Tim Tuttle
Friday December 4th, 2009

JR Hildebrand was a surprising selection by Force India for F1's young driver test this week at the Jerez circuit in Spain. Still, he delivered a solid, competitive 131-lap performance. It was an impressive first time attempt in an F1 car, while running against 17 of the world's best young drivers -- several with experience as F1 test drivers.

Hildebrand was 10th out of 16 drivers on Thursday, the final day of a three-day test in which he split car time, by morning and afternoon, with Scotland's Paul di Resta, a former F3 Euroseries champion and Germain Touring Car Series driver. Hildebrand's best lap time of 1:19.873 was .6 of a second slower than German Nico Hulkenberg, this year's European GP2 champion, who has signed with Williams for the full 2010 F1 season.

Hildebrand's finish was all the more impressive because Force India was not a front-running team last season. Adrian Sutil finished 17th, with five points in the driver's championship and the team was ninth out of 10 in the manufacturer's championship.

"The second and third days were massively encouraging, but hindered by some unfortunate circumstances from an outright speed standpoint," Hildebrand said about his trial, via e-mail from Spain. "Going into the test, I figured that the hardest thing to get used to about driving a Formula One car coming from Indy Lights was the amount of grip that the car has through high speed corners. The cars are capable of sustaining over four lateral Gs at an extremely high rate of speed; it's mind-bending how quick they are.

"By the end of the second day I was feeling very comfortable in the car and was already pushing it pretty hard with serious speed through those sections of the circuit, and by the third day felt like I was really on the limit.

"We were going through a detailed test plan in which there were only certain runs in the day allocated to setting quick times. The unfortunate part of it all was just that each time I went out on a good set of rubber to set a time over those two days, I was accidentally in a low-revving engine conservation mode that didn't give me maximum power."

Hildebrand could drive to the car's potential in the corners, but wasn't able to use the exit speed on the straights.

"So, all the speed that I was gaining by really pushing the car's limits was lost," Hildebrand explained. "All that aside, however, I felt very comfortable driving the car and confident in my ability to continue to adapt and improve while also feeling very comfortable working with the team to develop the setup of the car as well. Although the timesheets never showed it, it was clear to me and to the team that the speed was there. So, for me personally, I'm more than happy with just that."

Hildebrand became the first American to test an F1 car, independent of any sponsor or manufacturer backing, since Michael Andretti was released with three races to go from McLaren in 1993. From that point, F1 didn't believe homegrown American talent had any chance of making it in F1.

Andretti was on top of his game then; he was the 1991 CART IndyCar champion, 30 years old and the son of former F1 World Champion Mario, but Andretti had never raced in Europe and that became the theory as to why he couldn't make it in F1. The reality was that F1 didn't given him a fair chance -- he was allowed only one partial season.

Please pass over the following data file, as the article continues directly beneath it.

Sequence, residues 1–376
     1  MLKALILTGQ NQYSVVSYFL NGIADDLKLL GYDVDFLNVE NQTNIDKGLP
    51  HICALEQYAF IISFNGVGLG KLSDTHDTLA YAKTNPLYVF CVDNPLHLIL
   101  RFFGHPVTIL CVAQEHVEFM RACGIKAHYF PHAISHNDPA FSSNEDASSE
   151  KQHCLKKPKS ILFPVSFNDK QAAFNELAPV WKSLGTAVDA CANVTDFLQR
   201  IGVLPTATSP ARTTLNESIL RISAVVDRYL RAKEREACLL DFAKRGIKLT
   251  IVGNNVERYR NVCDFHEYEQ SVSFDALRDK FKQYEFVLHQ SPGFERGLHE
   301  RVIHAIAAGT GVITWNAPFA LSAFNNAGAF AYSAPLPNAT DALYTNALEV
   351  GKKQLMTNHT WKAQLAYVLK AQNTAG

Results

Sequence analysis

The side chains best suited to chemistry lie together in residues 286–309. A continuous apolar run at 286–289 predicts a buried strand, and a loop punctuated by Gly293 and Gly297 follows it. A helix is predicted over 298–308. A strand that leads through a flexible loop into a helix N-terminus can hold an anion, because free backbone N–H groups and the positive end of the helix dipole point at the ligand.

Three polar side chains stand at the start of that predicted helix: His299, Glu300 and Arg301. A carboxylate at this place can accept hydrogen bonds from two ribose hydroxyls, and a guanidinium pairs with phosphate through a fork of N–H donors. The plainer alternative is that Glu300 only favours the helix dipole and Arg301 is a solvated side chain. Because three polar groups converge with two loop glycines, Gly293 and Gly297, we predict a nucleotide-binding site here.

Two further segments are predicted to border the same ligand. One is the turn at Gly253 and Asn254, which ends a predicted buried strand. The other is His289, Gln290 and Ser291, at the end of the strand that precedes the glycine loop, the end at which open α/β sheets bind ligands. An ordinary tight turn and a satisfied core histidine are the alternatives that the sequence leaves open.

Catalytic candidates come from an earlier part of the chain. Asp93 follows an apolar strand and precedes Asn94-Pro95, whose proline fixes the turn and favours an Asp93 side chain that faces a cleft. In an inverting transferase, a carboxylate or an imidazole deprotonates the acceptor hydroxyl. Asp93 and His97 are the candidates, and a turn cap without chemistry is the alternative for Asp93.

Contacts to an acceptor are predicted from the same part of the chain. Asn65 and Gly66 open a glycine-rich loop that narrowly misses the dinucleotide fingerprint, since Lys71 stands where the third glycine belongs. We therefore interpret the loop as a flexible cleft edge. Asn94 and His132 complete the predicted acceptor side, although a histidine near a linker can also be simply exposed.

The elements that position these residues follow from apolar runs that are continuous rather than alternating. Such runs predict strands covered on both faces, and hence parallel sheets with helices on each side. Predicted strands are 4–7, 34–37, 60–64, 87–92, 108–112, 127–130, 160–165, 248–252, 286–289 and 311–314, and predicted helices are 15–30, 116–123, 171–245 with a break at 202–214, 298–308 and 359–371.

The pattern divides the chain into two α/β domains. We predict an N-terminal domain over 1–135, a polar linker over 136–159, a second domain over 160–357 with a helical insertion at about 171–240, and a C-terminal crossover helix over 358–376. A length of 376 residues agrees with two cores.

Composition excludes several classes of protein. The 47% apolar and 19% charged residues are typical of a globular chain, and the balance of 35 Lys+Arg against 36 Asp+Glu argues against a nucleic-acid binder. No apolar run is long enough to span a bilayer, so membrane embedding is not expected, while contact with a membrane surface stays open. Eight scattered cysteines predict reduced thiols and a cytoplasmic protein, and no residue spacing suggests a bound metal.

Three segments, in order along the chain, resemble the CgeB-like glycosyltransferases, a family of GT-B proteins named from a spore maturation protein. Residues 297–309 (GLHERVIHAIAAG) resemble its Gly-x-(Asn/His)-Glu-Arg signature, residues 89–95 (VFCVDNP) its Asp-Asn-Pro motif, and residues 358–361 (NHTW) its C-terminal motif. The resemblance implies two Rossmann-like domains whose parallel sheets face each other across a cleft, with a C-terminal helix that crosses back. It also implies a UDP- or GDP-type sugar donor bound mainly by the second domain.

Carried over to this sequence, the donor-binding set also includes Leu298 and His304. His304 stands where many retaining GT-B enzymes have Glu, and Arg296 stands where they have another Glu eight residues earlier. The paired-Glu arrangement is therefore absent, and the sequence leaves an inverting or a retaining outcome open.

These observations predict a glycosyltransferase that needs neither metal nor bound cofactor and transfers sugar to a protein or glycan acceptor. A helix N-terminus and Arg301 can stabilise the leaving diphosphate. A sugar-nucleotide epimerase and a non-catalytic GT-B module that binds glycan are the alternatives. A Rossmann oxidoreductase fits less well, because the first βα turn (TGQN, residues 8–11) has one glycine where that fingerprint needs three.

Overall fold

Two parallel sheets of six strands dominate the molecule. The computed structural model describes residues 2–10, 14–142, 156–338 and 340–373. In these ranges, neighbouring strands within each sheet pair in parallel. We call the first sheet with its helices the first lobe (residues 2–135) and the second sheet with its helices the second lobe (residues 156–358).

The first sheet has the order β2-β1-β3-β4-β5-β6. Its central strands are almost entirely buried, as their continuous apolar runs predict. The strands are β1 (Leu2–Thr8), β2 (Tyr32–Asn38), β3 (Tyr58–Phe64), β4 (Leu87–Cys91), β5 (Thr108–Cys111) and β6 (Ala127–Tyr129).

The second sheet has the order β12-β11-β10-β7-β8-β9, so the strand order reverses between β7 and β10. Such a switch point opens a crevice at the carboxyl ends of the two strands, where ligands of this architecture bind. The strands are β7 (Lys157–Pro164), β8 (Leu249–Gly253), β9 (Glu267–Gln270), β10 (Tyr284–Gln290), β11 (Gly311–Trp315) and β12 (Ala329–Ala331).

Americans did go to Europe, to go through the development series. They had success, but they didn't have the sponsor backing like the European and South American drivers. F1's top development series, GP2, costs $3 million per year, and American drivers couldn't afford to position themselves for an F1 opportunity. Jonathan Summerton and Charlie Kimball both won Formula 3 Euroseries races and Summerton also was the lone race winner for A1 Team USA in A1GP, but they both ran out of funding before reaching GP2.

Hildebrand may have debunked some of that myth. He's never raced regularly in Europe, and came up through the American single seater system. The 21-year-old won the Formula 2000 championship in 2006 with 12 wins in 14 races. He also won Firestone Indy Lights, IndyCar's primary development series, with four wins this year.

Force India has re-signed Sutil and Tonio Liuzzi to be its primary drivers for next year, but has the reserve-test driver slot open. With the test, it seems likely Force India will choose between Hildrebrand and di Resta.

"We will be looking at their performance on the track very closely and should they perform well, as we are confident they will, we will look at a permanent role for one within the team in 2010," Mallya said before the test.

Hildebrand would welcome the opportunity. "Formula One is something that I've aspired to as it's the definitive pinnacle of open wheel road course racing worldwide," he said.

Hildebrand isn't the only American with a realistic chance of making it to F1 in the next several years. Alexander Rossi of Nevada City, Calif., won races in International Formula Master, a F3-type series, and was the Formula BMW World Finals champion in 2007. He also tested at Jerez for one day with BMW Sauber, a reward for his Formula BMW victory. Summerton, who is also trying to drive in IndyCar in 2010, is a top prospect for Team US F1, the American-based team, for 2011.

But Hildebrand's test with Force India has put him on the F1 radar, a step or two in front of Rossi and Summerton.

"Having a chance at getting a drive in F1 ultimately depends on a lot of different things, but now that I've gotten the chance to drive the car, I'm confident that I have the tools to do it," Hildebrand said. "It wouldn't be easy and I would have to work hard to continue honing my skills and adapt to an entirely different environment, but the pieces of the puzzle are there."

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